CASE 17424 Published on 04.10.2021

Vein of Galen aneurysmal malformation: A case report



Case Type

Clinical Cases


Dr. Rasika Chaudhari1, Dr. Shyam Chhadi2, Dr. Anant Deshmukh3

IIIrd year Junior Resident (MD Radiodiagnosis), Department of Radiology, Government Medical College, Nagpur, Maharashtra, India, 440003

MD Radiodiagnosis, Associate Professor, Department of Radiology, Government Medical College, Nagpur, Maharashtra, India, 440003

IIIrd year Junior Resident (MD Radiodiagnosis), Department of Radiology, Government Medical College, Nagpur, Maharashtra, India, 440003


7 months, male

Area of Interest Neuroradiology brain ; Imaging Technique CT-Angiography
Clinical History

A 7-month-old infant presented to the pediatric outpatient services with sudden loss of consciousness. He had an episode of seizure a day before and increasing head size since birth. He had no history of fever, trauma, any skin lesions or family history of neurocutaneous syndromes.

Imaging Findings

CT contrast study of the head revealed aneurysmally dilated midline venous pouch which showed early filling (in arterial phase) representing dilated vein of Galen measuring 5 x 4.5 cm in maximum diameters. It was seen joining the straight sinus via falcine sinus and eventually draining into the superior sagittal sinus. The straight sinus, transverse sinus and the superior sagittal sinuses were significantly dilated. Also, there was associated partial thrombosis of the confluence of sinuses in the form of incomplete contrast filling. Multiple dilated and tortuous venous channels were noted throughout. Also, a tuft of dilated arterial channels were present in the region of peri-mesencephalic cistern.

Moderate to gross dilation of the supratentorial ventricles was seen s/o non-communicating hydrocephalus.

There was an area of intraparenchymal haemorrhage in the left frontal lobe with cerebral oedema.

Subdural hypodense collection was seen along bilateral cerebral convexities.


Vein of Galen aneurysmal malformations (VGAM) constitute rare congenital vascular malformations; present during infancy with signs of congestive cardiac failure [1]. They are characterized by shunting of arterial flow into an enlarged cerebral vein dorsal to tectum.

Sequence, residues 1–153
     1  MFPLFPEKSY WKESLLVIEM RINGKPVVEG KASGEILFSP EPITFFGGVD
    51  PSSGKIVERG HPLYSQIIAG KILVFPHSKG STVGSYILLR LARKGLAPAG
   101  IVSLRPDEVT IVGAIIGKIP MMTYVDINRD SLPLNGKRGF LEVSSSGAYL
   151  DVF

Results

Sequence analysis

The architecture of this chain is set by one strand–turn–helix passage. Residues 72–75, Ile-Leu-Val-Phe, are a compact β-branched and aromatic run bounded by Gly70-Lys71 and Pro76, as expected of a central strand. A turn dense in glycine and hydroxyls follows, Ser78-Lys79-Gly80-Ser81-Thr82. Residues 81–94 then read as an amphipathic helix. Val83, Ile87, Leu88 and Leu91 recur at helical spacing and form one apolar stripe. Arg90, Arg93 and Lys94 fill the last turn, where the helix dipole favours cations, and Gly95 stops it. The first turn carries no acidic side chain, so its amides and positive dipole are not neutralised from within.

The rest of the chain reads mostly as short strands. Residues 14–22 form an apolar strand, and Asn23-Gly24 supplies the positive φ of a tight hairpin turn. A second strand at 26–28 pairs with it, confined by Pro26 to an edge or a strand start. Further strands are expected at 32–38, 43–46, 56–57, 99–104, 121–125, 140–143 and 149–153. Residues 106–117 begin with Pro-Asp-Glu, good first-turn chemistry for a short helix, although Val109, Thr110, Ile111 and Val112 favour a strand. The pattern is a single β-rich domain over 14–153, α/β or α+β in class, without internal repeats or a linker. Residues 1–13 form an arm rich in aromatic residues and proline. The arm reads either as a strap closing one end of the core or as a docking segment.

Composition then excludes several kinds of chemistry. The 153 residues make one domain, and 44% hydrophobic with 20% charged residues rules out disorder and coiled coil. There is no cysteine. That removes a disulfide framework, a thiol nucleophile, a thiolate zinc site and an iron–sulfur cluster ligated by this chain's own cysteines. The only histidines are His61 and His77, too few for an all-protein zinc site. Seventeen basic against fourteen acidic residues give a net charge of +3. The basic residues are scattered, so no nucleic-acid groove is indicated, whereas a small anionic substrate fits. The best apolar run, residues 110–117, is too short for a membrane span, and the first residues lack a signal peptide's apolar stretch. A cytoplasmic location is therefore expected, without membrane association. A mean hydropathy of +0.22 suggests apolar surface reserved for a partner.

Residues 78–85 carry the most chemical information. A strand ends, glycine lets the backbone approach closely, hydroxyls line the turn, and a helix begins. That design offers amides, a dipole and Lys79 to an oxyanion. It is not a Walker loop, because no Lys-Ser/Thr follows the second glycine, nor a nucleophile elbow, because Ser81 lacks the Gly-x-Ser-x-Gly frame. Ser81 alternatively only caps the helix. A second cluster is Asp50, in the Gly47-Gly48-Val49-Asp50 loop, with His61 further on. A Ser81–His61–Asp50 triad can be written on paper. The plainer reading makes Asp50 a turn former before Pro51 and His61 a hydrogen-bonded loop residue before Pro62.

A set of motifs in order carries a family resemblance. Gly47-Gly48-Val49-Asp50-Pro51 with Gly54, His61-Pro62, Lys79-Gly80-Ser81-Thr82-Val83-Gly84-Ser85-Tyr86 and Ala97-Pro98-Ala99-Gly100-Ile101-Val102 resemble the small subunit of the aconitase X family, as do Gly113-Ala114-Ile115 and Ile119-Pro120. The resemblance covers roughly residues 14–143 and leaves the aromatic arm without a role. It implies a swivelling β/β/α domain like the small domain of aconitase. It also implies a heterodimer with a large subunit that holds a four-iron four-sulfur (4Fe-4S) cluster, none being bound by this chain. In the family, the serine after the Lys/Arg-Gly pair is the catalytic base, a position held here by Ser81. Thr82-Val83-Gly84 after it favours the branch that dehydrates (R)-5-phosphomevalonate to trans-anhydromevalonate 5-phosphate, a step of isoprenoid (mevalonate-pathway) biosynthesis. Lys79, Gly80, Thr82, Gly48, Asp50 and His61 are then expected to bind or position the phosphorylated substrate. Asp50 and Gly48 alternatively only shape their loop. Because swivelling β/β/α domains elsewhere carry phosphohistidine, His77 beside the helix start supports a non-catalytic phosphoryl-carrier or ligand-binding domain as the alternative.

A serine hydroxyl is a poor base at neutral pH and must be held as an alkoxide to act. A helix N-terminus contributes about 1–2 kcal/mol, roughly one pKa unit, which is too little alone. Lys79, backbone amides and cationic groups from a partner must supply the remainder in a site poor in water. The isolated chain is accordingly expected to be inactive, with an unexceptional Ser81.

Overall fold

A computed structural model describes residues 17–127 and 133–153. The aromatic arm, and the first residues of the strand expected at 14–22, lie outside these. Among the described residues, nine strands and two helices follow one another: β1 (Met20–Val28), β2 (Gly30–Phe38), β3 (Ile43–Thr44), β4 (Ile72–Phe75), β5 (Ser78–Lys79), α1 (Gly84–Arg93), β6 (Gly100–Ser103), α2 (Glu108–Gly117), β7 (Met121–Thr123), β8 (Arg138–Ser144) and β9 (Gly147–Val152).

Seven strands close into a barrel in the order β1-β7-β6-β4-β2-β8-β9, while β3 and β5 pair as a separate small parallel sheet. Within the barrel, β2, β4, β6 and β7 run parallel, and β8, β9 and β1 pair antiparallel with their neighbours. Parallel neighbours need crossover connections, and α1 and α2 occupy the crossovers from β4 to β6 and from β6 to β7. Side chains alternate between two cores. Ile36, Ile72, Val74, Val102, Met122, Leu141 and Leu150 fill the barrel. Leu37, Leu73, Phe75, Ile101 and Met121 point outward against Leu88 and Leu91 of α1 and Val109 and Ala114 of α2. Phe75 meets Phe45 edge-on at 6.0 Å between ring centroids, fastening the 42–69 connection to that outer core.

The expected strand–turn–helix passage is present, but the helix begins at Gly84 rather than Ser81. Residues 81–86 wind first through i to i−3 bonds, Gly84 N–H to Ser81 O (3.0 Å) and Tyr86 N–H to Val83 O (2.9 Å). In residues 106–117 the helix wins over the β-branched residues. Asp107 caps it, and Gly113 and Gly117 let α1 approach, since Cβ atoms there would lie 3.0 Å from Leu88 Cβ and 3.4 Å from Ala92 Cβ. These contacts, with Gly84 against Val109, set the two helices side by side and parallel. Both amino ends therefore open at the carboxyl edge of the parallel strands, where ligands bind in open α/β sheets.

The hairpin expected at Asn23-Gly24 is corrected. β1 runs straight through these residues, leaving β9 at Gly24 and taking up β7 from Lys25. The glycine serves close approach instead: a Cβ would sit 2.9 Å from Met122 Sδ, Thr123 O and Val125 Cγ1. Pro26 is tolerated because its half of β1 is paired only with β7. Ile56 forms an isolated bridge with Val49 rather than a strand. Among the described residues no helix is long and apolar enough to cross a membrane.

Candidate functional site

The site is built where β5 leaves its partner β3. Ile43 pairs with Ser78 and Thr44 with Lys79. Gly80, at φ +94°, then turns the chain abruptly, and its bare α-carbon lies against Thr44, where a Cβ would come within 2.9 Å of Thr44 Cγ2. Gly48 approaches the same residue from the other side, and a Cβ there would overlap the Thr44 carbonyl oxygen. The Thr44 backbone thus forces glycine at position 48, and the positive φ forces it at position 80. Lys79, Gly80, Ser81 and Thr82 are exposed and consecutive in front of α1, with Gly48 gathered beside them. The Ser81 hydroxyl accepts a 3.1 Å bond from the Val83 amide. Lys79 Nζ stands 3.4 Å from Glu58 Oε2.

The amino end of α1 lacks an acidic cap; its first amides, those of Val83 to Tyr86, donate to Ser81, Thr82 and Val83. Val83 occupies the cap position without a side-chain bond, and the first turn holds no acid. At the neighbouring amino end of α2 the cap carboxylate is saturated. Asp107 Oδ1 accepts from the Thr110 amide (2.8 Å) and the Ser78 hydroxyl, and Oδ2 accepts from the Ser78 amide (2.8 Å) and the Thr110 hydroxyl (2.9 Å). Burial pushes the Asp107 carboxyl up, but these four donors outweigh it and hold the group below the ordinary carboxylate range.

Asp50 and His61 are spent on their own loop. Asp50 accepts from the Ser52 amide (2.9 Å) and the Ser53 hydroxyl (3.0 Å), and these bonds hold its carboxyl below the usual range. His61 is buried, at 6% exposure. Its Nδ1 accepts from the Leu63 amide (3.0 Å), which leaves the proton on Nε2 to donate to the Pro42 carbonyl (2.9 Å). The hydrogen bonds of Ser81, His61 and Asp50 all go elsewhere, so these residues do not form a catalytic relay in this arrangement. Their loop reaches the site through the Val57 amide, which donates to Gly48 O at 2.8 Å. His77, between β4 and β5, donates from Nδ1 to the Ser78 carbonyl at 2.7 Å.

Embryologically, VGAM develops after development of circle of Willis, between 6th and 11th weeks of gestation. An arteriovenous connection forms between the primitive choroidal vessels and the median prosencephalic vein. There is abnormal flow through this connection which hampers the normal involution of this embryonic vein. Thus, there is underdevelopment of VOG. As the brain develops further, the shunt persists, with the persistent median vein draining into the sagittal sinus; this is commonly associated with a persistent falcine vein and absence of straight sinus [2]. Anomalous dural sinuses and sinus stenoses are also often seen in relation to VGAM [2,3]. To accommodate the significantly increased blood volume associated with the shunt, alternative pathways of venous drainage typically develop [2,5].

Many classification systems have been described for VGAM (Yasargil classification, Lasjaunias classification, etc). The Lasjaunias system is more commonly used and divides them into two types- choroidal and mural [4].

The choroidal type are characterised by multiple feeders including  thalamoperforating, choroidal and pericallosal arteries. They present earlier (neonate) and commonly results in high output cardiac failure.

The mural type are characterised by fistulae in the subarachnoid space in the wall of the median prosencephalic vein and associated with absence or stenosis of dural sinuses.They present later in life (infant) ;hydrocephalus is a consistent feature.

Ultrasound, Doppler, Computerized tomography (CECT) and Magnetic imaging resonance (MRI) are useful radiological diagnostic tools for vein of Galen malformations [6]. Though MRI provides us with minute details of the malformation and vascular anatomy, CT angiography provides significant information for treatment planning and can be the imaging modality of choice.

Some extremely rare non-developmental syndromes like superior vena cava syndrome (SVCS), thrombosis of the lateral / superior sagittal sinus, internal jugular vein, or Vein of Galen itself can be encountered.

The structure of the malformation decides treatment planning [6]. A ventriculoperitoneal shunt may be required if there is hydrocephalous. Blocking the feeding fistulous arteries reduces the blood flow into the Vein [7]. Open surgery is not a suitable choice since the malformation is highly complicated; endovascular procedures are very useful [8]. Multiple treatment options include catheter guided balloons or coils placement at site of the malformation and radioablation surgery [8].


Written informed consent for publication has been obtained from the father.

Differential Diagnosis List
Vein of Galen aneurysmal malformation
Arteriovenous malformation (AVM)
Vascular intracranial tumour
Final Diagnosis
Vein of Galen aneurysmal malformation
Case information
DOI: 10.35100/eurorad/case.17424
ISSN: 1563-4086